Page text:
(Guest blogger Ulrich Boser, author of a new Smithsonian book, the Gardner Heist, and a contributor to the magazine's Around the Mall department weighs in on the influence of blogs and bloggers.)
Before a few weeks ago, I had never written a blog. I didn’t really read many blogs either. For the most part, I thought they were snarky and sprawling and far too navel-gazing. But then I wrote a book— "The Gardner Heist " published by Smithsonian Books—and I was inspired. I decided that I wanted to start a blog, that I wanted to be one of those guys who hunches over his computer each night, posting nugget-sized items about his sundry obsessions.
Wait. What? How did penning a 277-page tomb tome inspire the literary equivalent of finger food?
Let me explain. I wrote my book about the largest art heist in history, the 1990 theft of a dozen paintings from the Isabella Stewart Gardner museum in Boston. While there have been thousands of leads, hundreds of interviews and a $5 million reward, not a single painting has ever been recovered. Worth $500 million, the missing masterpieces have become the Holy Grail of the art world. And as part of my reporting, I uncovered evidence that one of the thieves may have been a Boston hood named George Reissfelder. I found FBI files that indicated that Reissfelder possibly stole the art, and Reissfelder looks almost exactly like one of the police composites.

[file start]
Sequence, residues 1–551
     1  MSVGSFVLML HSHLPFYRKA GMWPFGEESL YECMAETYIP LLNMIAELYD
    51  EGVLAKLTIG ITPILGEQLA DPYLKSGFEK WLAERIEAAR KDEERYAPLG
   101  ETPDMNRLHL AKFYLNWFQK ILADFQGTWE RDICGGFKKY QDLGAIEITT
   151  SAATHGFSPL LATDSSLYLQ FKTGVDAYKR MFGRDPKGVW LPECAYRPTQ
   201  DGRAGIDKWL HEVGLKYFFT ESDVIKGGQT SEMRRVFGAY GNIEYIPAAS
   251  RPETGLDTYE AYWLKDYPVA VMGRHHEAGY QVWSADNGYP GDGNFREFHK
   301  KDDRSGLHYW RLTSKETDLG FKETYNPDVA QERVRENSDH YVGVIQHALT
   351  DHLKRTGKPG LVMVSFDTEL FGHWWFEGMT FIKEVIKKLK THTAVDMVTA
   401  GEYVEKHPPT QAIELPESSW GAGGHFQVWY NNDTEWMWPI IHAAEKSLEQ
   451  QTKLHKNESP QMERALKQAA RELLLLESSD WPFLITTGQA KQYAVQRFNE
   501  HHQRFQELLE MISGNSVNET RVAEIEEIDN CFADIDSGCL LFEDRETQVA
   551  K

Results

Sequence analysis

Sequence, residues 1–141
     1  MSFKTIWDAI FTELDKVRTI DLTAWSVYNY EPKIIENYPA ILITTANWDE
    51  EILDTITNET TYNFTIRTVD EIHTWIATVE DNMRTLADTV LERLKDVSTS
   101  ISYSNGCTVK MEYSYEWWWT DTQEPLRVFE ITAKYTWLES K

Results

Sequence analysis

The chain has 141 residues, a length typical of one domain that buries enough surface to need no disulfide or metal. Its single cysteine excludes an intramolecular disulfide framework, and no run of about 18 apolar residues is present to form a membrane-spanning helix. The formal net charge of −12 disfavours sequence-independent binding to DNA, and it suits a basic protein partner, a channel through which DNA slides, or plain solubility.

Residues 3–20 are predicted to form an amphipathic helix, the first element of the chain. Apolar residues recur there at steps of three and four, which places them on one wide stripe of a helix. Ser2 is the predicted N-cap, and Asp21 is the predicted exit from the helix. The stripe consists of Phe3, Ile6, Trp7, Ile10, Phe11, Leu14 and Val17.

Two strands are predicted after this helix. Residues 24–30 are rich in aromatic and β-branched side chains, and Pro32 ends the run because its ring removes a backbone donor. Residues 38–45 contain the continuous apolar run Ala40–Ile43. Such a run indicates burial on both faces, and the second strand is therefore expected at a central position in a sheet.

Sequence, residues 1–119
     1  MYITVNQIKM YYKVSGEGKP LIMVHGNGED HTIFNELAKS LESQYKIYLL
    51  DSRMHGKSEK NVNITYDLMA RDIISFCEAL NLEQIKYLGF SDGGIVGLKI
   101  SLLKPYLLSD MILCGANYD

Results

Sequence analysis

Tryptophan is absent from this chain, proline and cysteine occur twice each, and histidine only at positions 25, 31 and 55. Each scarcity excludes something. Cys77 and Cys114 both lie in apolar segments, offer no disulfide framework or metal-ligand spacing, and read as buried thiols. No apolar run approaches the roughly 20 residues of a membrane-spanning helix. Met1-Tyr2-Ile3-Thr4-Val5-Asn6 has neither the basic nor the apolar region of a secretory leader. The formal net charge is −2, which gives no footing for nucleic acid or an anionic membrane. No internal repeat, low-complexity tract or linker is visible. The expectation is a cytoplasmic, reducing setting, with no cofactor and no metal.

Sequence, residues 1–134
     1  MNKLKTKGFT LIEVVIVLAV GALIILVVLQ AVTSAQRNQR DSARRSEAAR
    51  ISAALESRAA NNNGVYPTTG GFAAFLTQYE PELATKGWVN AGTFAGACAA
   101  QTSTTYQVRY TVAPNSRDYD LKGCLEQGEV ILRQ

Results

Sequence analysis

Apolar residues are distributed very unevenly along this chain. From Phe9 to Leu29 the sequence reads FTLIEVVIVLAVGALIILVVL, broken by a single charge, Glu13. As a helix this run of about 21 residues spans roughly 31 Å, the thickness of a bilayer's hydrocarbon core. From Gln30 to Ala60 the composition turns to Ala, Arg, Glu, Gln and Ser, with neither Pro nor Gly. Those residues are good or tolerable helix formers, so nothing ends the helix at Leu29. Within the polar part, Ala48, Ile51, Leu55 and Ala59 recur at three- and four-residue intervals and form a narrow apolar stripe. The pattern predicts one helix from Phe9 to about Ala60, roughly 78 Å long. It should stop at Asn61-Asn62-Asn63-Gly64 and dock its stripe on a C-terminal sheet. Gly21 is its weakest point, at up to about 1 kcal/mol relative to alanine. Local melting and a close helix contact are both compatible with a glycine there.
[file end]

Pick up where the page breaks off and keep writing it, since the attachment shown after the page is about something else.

Then, just a few days before the publisher released "The Gardner Heist," US News and World Report political reporter Paul Bedard wrote about my book in his blog Washington Whispers. Sen. John Kerry had once helped Reissfelder get off of a wrongful murder conviction, and Kerry gave Bedard a fall-off-your-seat quote for the item: "Now we read this. It looks like the largest theft since the Devil Rays took what should have been the Red Sox's 2008 American League championship. I don't know if those paintings ended up on eBay, but I do know they're not on my walls."
After Bedard posted the item on his blog, news of the book flooded the Internet like a typhoon. The National Review’s blog posted an item. The Museum Security Network blog posted an item. The producers of Fox News started calling to book me for a show. And that’s when I realized that I wanted to get in on this discussion, that I wanted to engage in this online dialogue. Yes, of course, I’m late to blogging. Yes, of course, blogs might be a passing Internet fad. But for now, I’m calling my blog the "Gardner Heist."